Today is my 'little' brother's birthday -- happy birthday Kurt! He called me all the way from Greece this morning so it was more like my birthday than his, in a way. But that's OK because he knows I love him even though I didn't send a card (right, baby? You know I do) and I was going to call. He just beat me to it.
It's a little chilly right now in Spetses -- perhaps like San Francisco today? -- and would probably be the perfect day for his (delicious-looking) roast chicken -- if only he had an oven. Alas, he does not, so we'll instead have to revisit the night this summer when went to see the horse farm and then cooked dinner in 'my' little apartment. After zooming around town on a moped (and holding on for dear life), Kurt brought over a load of vegetables, picked up a chicken along the way, and we quickly set to work.
The thing was, this was not a full kitchen in any sense of the word; it was very small, with a hot plate rather than a proper stove, but it did have an electric oven. Nor was there a sharp knife, so we had to wait for the proprietor to stop by to water his flowers before we could procure one. There was a large roasting pan, but all the essential things I take for granted at home -- salt, olive oil, herbs, pepper -- also had to be brought over as the larder was very bare; luckily, he didn't forget anything. For seasoning, Emily and I snipped a few herbs (basil, oregano) from the potted plants growing just outside (oh, bliss!), which added more than enough flavor to the meal.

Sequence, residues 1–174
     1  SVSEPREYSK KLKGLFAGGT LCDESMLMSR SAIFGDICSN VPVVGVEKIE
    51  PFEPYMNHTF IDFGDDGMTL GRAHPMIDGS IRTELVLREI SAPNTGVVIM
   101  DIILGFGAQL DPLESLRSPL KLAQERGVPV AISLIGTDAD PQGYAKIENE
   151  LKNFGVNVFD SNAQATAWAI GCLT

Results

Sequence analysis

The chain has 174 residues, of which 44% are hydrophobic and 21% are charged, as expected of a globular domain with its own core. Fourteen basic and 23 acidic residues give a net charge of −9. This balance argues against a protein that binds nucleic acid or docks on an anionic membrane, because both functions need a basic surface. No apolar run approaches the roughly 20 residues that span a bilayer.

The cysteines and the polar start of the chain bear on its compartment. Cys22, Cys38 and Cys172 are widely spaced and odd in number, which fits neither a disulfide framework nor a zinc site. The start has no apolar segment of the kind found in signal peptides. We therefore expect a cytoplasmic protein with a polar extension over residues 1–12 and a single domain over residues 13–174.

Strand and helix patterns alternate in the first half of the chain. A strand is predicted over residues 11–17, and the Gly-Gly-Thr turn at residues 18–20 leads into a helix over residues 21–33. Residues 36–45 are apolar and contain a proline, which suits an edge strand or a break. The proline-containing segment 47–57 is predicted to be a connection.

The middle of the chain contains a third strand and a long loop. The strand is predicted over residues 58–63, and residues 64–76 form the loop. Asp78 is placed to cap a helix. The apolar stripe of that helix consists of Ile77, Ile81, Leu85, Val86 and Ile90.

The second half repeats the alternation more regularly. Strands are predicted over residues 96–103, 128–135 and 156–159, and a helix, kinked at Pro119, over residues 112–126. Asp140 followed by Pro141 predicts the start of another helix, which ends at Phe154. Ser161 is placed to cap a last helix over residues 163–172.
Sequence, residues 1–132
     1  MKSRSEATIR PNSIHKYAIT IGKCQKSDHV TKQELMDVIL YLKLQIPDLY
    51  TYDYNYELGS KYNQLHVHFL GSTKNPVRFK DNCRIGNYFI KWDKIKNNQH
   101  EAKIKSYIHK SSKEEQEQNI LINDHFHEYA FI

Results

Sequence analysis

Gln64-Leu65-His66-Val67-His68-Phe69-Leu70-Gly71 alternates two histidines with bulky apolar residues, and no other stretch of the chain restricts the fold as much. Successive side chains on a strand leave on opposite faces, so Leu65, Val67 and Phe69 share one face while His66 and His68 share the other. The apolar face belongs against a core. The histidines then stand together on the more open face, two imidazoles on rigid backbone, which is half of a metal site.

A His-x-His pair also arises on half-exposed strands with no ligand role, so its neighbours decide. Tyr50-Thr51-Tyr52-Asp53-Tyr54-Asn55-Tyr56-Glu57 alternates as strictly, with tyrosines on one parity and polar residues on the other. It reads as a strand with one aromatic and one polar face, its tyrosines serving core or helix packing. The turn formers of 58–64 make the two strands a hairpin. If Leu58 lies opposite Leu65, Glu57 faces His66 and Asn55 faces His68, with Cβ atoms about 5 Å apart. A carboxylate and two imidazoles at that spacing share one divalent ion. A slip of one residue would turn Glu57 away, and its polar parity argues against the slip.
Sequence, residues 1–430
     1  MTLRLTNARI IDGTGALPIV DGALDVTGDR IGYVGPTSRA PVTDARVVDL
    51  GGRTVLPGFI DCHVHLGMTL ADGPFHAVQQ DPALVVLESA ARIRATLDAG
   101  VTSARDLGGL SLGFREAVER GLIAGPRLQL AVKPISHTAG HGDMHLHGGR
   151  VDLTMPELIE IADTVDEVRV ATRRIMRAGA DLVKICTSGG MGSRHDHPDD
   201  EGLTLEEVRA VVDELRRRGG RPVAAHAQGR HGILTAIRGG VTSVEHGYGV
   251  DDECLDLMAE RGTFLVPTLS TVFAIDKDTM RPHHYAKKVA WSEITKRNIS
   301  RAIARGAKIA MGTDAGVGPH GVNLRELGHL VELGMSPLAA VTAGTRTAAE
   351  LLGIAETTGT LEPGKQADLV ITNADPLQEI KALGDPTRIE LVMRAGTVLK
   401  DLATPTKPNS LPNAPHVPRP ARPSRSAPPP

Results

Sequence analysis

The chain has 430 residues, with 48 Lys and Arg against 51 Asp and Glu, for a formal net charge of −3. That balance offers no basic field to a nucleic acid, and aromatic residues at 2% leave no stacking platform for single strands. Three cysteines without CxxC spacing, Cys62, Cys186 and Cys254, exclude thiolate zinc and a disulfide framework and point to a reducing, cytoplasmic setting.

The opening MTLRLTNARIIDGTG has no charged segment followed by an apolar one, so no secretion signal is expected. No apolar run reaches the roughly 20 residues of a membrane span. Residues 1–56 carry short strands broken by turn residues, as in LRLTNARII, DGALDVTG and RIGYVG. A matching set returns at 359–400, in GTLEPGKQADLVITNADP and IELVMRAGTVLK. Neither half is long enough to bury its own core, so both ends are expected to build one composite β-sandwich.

This roast chicken and vegetables isn't fancy, but it's delicious (full disclosure: I didn't eat the chicken, but those two seemed to enjoy it very much, and I did nibble on some of the veggies). What you do is: put the oven to at least 350 F, and rub the chicken all over with a good amount of olive oil, salt and pepper, and herbs (fresh or dried), and place in a large pan. Cut up some vegetables -- such as potatoes, onions, tomatoes, garlic, or whatever else you like -- then drizzle with olive oil and arrange in the pan. Add a ½-cup (or more) of white wine, and put in the oven for about an hour. Check every so often to make sure the chicken is cooking well, adding more wine or a bit of water if necessary.
[Kurt, carving the chicken, Spetses 2007.]
I hear there was a nice grilling of meat and fish (and possibly vegetables, too, although, oops, I forgot to ask) last night with a fellow November-baby coworker and friends; today was perhaps more mellow -- punctuated, though, I'm sure, by a chat with his favorite (oh yeah -- and only) older sister.
Happy birthday, frère! I hope this next year is even better than the last one.
Meanwhile, it's nearly Thanksgiving here in the States, and I've finally wrapped my head around the reality that it's not summer any longer and no, I'm not still on vacation. So in these last few days leading up to Thanksgiving, I'm going to post a few of my favorite recipes in preparation for the big day. They'll all be vegetarian, natch, but I think you'll find them satisfying additions to your meal, whether you eat meat or not.
What are some dishes you've got cooking?
THANKSGIVING ---> Appetizers
Phyllo and vegetable parcels, adapted from the San Francisco Chronicle
I made these last year for the first time, and substituted quite a few vegetables from the original recipe because I just went with those I picked up at the farmers' market. I think you can use nearly any variation here, but I love the spinach especially. The Chron version also calls for goat cheese which ... just ... no (Nicole doesn't do goat cheese), so I omitted it, and swapped melted margarine for the butter to make them wholly vegan.